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Research - 02.11.2021 klo 09.24

Strong trade union movements narrows income differences

Ari-Matti Näätänen studied the trade union movements influence on income disparities and companies' international competitiveness. Picture: Vesa-Matti Väärä

According to a recent study, broad collective agreement coverage appears to be particularly effective in reducing the number of people living below the poverty line and levelling out income differences.

The trade union movement only pursues the interests of working wage earners at the expense of deprived unemployed people and companies’ international competitiveness. You often come across claims like this in public discussions and social media chat forums.

Ari-Matti Näätänen, a researcher at the Faculty of Social Sciences of the University of Turku, wanted to find out if there is anything in this claim. In his study prepared for STTK, he asked how trade union activity affects income differences and companies’ competitiveness.

He searched for answers to his question in earlier research and international statistics. His study compares the OECD countries.

As regards income differences, the study’s findings were clear: trade union action narrows income differences. On the other hand, Näätänen’s study indicates that trade union action does not appear to have any clear impact on companies’ international competitiveness one way or another.

Countries with a strong trade union movement have high levels of social protection

"Statistics clearly indicate that high levels of unionisation among wage earners and broad coverage by collective agreements nationwide are linked to low income differences and lower numbers of people living below the poverty line. The coverage of collective agreements is particularly significant", says Näätänen.

In the Nordic countries, for example, the trade union movement is strong and there are relatively few poor people. Great Britain, Ireland and New Zealand are examples of countries at the other extreme. In these countries, relatively high numbers of people live below the poverty line, but collective agreement coverage is not comprehensive.

Broad collective agreement coverage means that a large share of employees in a particular industry are covered by a nationwide agreement.

"Research indicates that countries with a strong trade union movement conduct social policies typical of welfare states. Trade union action generally increases the level of social protection, and high social welfare spending  appears to maintain a fairly high level of unionisation among wage earners", Näätänen explains.

Highlighting problem areas

In some countries, the labour market organisations are actively involved in shaping social structures. In Finland, for example, both wage earners’ and employers’ labour market organisations are often involved in various tripartite working groups set up by the government. Labour market organisations are currently discussing social security reforms in such working groups.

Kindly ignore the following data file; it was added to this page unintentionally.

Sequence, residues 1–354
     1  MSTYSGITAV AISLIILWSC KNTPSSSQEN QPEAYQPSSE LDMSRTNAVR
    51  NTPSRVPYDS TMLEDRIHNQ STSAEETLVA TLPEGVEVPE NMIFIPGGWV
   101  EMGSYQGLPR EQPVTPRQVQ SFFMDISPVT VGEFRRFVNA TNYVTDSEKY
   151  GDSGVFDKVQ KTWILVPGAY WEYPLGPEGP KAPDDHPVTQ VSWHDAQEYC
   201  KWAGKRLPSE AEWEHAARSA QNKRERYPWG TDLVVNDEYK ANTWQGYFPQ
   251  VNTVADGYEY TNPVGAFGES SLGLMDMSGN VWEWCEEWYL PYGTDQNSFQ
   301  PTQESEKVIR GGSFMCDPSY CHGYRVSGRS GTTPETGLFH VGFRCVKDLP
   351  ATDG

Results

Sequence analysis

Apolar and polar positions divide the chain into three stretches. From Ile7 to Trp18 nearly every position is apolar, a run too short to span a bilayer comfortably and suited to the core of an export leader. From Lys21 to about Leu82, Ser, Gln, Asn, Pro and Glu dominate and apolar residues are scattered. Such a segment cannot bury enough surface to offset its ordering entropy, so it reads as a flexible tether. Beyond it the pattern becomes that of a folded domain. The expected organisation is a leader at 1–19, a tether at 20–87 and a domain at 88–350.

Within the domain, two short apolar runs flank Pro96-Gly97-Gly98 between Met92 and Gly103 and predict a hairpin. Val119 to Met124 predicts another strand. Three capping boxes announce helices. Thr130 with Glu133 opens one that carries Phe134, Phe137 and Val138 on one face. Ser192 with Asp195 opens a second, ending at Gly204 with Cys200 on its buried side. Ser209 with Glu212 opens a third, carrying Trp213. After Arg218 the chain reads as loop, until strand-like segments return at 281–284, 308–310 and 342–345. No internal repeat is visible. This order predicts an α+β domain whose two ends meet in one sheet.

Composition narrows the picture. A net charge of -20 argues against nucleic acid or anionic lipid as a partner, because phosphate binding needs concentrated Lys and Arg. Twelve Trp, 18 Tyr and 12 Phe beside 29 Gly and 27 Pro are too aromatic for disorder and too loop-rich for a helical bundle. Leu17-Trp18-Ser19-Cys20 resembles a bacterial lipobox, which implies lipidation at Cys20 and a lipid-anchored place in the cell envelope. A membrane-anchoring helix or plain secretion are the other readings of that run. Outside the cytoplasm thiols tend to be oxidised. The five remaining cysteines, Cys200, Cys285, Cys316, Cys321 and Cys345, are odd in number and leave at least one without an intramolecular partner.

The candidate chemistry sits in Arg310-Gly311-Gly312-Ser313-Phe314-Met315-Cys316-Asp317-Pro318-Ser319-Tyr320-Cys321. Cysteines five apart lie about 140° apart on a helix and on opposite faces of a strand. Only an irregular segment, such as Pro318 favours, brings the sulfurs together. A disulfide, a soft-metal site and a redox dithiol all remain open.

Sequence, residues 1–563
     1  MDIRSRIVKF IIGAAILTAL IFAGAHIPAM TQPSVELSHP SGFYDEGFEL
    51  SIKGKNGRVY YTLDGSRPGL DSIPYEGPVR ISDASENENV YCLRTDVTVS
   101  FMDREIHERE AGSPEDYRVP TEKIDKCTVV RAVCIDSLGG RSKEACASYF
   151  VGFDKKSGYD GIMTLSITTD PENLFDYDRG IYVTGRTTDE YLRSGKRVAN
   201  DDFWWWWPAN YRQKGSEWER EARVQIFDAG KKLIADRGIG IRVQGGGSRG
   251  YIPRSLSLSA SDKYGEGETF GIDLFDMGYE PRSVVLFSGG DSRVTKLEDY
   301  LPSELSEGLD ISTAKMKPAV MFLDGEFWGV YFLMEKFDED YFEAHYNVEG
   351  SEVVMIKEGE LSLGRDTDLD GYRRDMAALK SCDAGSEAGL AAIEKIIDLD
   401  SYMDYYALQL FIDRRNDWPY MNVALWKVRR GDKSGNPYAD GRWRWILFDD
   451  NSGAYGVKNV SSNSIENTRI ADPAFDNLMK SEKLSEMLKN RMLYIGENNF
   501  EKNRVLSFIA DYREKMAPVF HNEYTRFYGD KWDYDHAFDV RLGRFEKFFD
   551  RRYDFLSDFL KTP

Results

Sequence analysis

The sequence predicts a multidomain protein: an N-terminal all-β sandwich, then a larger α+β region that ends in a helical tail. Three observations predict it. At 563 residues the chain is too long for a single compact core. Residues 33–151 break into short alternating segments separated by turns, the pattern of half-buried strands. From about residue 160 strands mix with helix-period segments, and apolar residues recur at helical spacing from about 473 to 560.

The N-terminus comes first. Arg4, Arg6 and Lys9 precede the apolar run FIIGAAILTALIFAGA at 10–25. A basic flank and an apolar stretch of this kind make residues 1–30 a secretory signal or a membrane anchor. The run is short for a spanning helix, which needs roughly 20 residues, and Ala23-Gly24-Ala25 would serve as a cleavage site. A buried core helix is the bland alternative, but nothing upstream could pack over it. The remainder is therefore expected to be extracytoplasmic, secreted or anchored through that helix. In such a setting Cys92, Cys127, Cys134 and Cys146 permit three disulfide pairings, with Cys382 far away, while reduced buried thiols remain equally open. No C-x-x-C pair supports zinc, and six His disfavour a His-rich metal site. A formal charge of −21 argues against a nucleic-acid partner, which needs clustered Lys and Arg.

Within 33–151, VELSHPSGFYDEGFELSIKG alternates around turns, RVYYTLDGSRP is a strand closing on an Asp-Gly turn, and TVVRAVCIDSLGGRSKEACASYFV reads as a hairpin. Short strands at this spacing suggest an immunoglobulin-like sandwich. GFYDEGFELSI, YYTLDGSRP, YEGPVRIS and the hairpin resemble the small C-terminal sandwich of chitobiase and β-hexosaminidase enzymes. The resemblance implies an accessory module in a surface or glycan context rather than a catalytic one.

"The trade union movement also affects income differences through the public debate. For example, it highlights problem areas in working life. And the public debate affects the programmes and policies of political parties, especially those on the left", the researcher points out.

"If everyone had to negotiate their wages themselves, there could be big differences in the wages of people doing the same job."

Comprehensive collective agreements also narrow income differences in a very concrete way. The pay scales in the agreements guarantee a certain wage level to everyone covered by the agreement. If everyone had to negotiate their wages themselves, there could be big differences in the wages of people doing the same job.


Ari-Matti Näätänen on parhaillaan tohtorikoulutettavana Turun yliopistossa. Kuva: Vesa-Matti Väärä

Trade union movement does not deter foreign investors

Does an active trade union movement weaken companies’ standing in international markets?

Previous research findings vary. Some studies indicate that a strong union movement negatively affects companies’ competitiveness, whereas others find that the stability unions  bring to the labour market can be an advantage in international markets.

"My interpretation is that there is no clear link between the position of unions and competitiveness. For example, statistics do not show any linkage between the share of unionised wage earners  and foreign direct investment. Comparing the statistics, therefore, a strong trade union movement neither deters nor attracts foreign capital ", Näätänen says.

"Being a union member is a small step for an individual, but in the bigger picture union membership levels are significant for society."

Being a union member is a practical everyday step

In Näätänen’s opinion, anyone who is concerned about the future of the welfare society should have an interest in the position of the trade union movement and how it is talked about in public.

"Wage earners in particular should be aware of the link between what unions do and wage differences. Being a union member is a small step for an individual, but in the bigger picture union membership levels are significant for society."



Text:: Anu Vallinkoski